Anti-nuclear activists of ICAN (International Campaign to Abolish Nuclear Weapons) and other peace initiatives staged a protest with 51 flags of countries that ratified the UN Treaty to Ban Nuclear Weapons

NEW DELHI: As the first historic, though largely symbolic, UN treaty banning nuclear weapons went into effect on Friday, India said it is not party to the treaty nor does it support it.

India isn’t alone. None of the nuclear weapons states are party to the Treaty on Prohibition of Nuclear Weapons (TPNW). Even NATO has refused to support the treaty. Japan, the only state to actually suffer a nuclear weapons attack, also dissociated from the treaty, though it remains committed to full disarmament.

India, MEA said, “remains committed to universal, non-discriminatory and verifiable nuclear disarmament.” Nevertheless, the treaty went into effect with 86 signatures, and ratified by over 60 countries.

In a statement, MEA said, “India did not participate in the negotiations on the TPNW and has consistently made it clear that it will not become a party to the treaty. India does not support the treaty, and shall not be bound by any of the obligations that may arise from it. India believes that this treaty does not constitute or contribute to the development of customary international law; nor does it set any new standards or norms.”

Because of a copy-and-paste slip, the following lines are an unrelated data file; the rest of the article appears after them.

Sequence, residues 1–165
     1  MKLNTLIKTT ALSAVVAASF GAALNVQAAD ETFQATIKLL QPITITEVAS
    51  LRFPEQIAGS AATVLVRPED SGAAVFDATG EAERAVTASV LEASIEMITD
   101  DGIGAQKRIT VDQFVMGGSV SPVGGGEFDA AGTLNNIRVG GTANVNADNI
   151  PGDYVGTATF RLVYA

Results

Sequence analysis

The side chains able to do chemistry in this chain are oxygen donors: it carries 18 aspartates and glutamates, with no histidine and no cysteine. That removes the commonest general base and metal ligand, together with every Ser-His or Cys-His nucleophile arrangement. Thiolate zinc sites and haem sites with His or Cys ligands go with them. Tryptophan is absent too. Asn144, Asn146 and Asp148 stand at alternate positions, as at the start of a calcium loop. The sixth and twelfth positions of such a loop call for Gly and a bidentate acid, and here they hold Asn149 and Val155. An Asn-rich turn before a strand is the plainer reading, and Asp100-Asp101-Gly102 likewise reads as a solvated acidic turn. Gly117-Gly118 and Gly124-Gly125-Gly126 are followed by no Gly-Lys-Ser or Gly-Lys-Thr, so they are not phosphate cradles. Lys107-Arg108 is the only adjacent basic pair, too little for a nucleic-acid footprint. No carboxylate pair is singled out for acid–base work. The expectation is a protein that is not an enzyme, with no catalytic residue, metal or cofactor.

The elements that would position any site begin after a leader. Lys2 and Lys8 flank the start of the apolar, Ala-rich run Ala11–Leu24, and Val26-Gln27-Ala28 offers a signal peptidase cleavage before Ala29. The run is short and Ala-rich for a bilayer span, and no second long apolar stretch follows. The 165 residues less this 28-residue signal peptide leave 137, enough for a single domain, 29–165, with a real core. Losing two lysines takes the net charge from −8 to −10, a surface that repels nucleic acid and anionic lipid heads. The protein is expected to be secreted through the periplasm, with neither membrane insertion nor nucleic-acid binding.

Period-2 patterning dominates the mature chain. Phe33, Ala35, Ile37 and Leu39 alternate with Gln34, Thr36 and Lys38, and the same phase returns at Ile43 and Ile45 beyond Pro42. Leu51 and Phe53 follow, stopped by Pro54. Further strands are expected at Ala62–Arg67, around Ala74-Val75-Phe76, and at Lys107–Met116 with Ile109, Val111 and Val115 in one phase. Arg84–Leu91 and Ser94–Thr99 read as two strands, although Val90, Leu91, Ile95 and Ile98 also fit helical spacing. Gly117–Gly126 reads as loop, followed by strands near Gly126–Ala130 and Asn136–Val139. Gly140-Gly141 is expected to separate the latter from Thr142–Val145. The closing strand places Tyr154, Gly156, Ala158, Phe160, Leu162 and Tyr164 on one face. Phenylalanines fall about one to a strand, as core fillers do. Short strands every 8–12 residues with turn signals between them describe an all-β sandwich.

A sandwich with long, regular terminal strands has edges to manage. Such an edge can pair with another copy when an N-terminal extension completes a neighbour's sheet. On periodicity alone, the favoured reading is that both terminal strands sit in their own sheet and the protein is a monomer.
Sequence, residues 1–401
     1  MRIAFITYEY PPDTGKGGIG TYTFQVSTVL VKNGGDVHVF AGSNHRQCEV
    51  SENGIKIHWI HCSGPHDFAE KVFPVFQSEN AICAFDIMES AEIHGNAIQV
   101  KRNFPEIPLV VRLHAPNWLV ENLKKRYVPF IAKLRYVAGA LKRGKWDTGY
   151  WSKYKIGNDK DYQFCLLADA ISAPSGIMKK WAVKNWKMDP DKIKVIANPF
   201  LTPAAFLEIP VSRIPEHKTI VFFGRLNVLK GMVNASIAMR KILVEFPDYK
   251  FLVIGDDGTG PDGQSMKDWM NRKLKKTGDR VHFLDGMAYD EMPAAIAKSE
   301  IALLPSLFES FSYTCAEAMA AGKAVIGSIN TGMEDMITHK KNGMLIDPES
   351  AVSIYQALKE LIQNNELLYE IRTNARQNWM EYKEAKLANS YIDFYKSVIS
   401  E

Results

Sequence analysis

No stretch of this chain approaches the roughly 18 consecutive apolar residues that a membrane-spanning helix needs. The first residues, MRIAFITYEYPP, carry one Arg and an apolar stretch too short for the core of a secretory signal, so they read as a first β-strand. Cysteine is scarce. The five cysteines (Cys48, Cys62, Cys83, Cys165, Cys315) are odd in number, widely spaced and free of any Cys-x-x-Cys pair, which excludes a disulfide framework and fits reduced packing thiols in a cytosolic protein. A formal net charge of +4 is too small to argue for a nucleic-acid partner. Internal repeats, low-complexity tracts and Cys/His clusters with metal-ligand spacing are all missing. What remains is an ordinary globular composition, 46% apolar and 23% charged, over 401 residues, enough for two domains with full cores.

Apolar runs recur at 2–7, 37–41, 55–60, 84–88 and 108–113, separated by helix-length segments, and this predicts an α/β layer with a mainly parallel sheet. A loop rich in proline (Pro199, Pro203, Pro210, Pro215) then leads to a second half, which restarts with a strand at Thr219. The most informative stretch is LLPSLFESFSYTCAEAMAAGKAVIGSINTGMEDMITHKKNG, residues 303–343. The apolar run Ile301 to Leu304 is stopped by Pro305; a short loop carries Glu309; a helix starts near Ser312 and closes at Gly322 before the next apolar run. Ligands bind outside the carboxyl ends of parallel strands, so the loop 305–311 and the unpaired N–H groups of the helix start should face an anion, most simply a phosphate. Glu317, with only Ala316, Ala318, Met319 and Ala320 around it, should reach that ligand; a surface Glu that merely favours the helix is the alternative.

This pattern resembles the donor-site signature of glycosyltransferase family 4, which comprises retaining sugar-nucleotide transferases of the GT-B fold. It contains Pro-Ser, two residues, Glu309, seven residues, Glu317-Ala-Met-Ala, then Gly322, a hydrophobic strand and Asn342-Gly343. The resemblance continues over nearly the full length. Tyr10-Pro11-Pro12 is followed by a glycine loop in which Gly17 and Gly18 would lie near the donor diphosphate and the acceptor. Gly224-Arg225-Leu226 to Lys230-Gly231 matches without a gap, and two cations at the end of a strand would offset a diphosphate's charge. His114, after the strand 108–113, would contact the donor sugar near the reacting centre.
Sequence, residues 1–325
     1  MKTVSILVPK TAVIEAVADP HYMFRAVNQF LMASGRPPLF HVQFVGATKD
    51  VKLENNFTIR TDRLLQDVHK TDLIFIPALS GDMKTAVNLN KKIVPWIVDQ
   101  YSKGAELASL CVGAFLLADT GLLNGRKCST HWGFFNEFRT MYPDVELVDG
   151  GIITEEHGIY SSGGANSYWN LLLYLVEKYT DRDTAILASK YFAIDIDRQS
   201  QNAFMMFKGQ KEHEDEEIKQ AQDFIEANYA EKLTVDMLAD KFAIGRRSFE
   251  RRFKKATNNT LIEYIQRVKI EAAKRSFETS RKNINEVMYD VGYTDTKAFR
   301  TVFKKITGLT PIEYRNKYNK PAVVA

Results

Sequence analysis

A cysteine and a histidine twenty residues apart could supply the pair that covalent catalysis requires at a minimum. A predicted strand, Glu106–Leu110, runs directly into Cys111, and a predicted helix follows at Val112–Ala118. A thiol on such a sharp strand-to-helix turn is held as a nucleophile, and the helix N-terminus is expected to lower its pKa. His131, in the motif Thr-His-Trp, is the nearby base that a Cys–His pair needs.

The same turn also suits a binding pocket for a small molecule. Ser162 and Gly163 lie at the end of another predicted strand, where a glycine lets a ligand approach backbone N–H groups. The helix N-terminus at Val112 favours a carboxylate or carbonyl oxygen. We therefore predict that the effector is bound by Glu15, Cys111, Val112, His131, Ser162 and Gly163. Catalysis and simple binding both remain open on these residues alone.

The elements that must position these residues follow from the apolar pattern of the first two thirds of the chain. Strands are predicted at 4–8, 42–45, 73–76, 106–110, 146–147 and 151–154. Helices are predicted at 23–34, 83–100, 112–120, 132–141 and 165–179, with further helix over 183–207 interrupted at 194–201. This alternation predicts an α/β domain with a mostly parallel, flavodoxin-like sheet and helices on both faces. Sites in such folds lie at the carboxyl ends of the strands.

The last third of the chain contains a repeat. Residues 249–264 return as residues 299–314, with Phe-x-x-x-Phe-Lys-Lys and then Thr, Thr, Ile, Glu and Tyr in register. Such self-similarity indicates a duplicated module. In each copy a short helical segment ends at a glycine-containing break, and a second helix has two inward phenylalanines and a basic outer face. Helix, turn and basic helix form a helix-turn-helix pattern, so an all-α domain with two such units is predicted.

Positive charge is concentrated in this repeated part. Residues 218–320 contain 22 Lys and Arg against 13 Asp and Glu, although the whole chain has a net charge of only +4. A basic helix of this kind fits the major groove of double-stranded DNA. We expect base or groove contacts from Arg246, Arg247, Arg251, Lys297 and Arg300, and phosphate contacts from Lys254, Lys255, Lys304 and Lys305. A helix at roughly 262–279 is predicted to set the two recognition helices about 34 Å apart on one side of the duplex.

The treaty came about in 2017, born out of a belief that the global move to prohibit nuclear weapons had ground to a halt, neither was the non-proliferation treaty effective. The treaty requires ratifying countries to “never under any circumstances... develop, test, produce, manufacture, otherwise acquire, possess or stockpile nuclear weapons or other nuclear explosive devices”. The pact also bans any transfer or use of nuclear weapons or nuclear explosive devices.